In the case at bar, plaintiffs were limited to a professional negligence claim based upon alleged acts of legal malpractice and a claim for a breach of contract arising from that professional negligence. A professional negligence claim against an attorney is, in essence, a legal malpractice claim. Defendant argues that plaintiffs’ claims based on these two theories are barred by the applicable statutes of limitations.
In general, our Supreme Court has said that causes of action accrue to injured persons so as to start the statute of limitations, when those persons are at liberty to sue. Acceptance Corp. v. Spencer, 268 N.C. 1, 149 S.E.2d 570 (1966). Likewise, we recently considered an issue relating to the statute of limitations for legal malpractice claims in Nationwide Mutual Ins. Co. v. Winslow, 95 N.C. App. 413, 382 S.E.2d 872 (1989). There, we said civil actions can only be commenced after the cause of action has accrued. Id. at 415, 382 S.E.2d at 873. But, when the damage is not readily apparent to the claimant, the action accrues at the time of the happening of the last wrongful act of the defendant and suit must *441be brought within three years of that accrual. Id. See N.C. Gen. Stat. §§ 145(c) and 1-52.
Here, plaintiffs allege that defendant’s failure to negotiate a favorable plea and to coordinate effective defensive strategies for them was malpractice. They further allege that his failure to perform certain services and pay various expenses was a breach of his contract. Plaintiffs allege that they were given advice which did not result from defendant’s exercise of his reasonable and ordinary care and diligence, and that he breached his contract with them by withholding his services and failing to pay bills. According to plaintiffs, this behavior “became evident as early as 6 October 1981.” Plaintiffs allege that they were harmed by defendant on or about 15 July 1981 when he advised them to give certain in-culpatory statements to Federal Bureau of Investigation officers regarding charges which had not yet been proved and for which they had not been given any assurances. Thereafter, plaintiffs allege that by the end of April 1982 it became necessary for them to hire replacement counsel to represent them.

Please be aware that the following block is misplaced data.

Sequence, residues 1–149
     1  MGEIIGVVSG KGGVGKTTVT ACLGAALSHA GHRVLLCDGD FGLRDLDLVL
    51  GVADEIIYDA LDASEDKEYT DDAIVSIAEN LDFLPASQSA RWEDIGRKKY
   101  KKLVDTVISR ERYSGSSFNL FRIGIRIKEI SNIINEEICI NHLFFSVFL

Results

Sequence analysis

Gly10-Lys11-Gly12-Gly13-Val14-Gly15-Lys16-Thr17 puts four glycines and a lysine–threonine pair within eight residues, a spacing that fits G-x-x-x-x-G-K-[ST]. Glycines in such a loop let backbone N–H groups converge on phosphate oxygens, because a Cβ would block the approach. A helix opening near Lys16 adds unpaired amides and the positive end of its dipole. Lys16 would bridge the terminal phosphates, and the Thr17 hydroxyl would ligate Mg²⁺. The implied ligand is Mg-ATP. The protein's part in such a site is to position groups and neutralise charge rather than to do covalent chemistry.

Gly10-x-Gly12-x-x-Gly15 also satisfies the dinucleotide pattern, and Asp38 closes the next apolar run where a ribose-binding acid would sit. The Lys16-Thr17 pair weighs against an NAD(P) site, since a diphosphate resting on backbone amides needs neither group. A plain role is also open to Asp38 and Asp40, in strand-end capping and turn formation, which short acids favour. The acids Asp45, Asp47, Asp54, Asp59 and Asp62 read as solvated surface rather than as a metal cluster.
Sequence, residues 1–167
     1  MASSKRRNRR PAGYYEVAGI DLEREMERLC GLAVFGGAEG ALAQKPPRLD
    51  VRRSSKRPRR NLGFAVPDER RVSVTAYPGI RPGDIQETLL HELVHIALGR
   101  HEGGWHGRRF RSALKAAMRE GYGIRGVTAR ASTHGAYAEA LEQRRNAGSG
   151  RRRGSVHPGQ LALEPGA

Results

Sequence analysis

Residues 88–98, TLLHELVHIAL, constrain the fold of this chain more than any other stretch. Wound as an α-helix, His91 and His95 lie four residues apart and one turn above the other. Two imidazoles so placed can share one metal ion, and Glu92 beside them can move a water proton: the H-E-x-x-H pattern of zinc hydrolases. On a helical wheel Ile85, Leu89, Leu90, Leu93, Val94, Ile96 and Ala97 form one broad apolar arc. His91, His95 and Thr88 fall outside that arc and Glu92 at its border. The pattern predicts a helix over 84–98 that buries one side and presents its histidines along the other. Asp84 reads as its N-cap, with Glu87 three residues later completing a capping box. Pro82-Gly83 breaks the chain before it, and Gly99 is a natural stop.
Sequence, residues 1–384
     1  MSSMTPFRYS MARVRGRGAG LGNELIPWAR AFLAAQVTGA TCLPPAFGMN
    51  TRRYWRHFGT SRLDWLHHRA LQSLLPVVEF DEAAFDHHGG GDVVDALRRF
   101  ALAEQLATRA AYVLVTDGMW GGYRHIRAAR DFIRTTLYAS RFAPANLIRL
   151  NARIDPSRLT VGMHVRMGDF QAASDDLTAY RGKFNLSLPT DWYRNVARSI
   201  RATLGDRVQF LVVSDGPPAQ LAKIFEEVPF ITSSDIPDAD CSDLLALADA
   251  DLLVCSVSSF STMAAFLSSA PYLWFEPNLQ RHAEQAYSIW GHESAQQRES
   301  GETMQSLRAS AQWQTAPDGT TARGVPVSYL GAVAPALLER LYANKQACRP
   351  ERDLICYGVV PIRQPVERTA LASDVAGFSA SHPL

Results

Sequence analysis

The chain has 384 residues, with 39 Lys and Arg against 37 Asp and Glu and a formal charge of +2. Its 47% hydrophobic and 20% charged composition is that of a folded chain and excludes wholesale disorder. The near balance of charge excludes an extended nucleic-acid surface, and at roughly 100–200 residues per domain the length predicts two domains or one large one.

In the case at bar, defendant’s alleged wrongful conduct was readily apparent to plaintiffs as early as 6 October 1981. Certainly, by 15 July of that same year plaintiffs had been harmed by this alleged conduct. We find that the damage was readily apparent to plaintiffs as of 6 October 1981, and they were at liberty to sue at that time. Therefore, the statute of limitations began to run from that date. Consequently, they were required to bring this action by 7 October 1984. Because this action was not filed until 29 April 1985, more than three years after their accrual, these claims were barred by the statute of limitations. The trial court properly directed the verdict in defendant’s favor.
We have reviewed the remaining issues raised by plaintiffs and we find that many of them were abandoned due to a lack of supporting authority and that all of them were meritless. Accordingly, for the reasons stated above, the judgment reached in the trial court is affirmed.
Judge EAGLES concurs.
Judge Phillips concurs in part and dissents in part.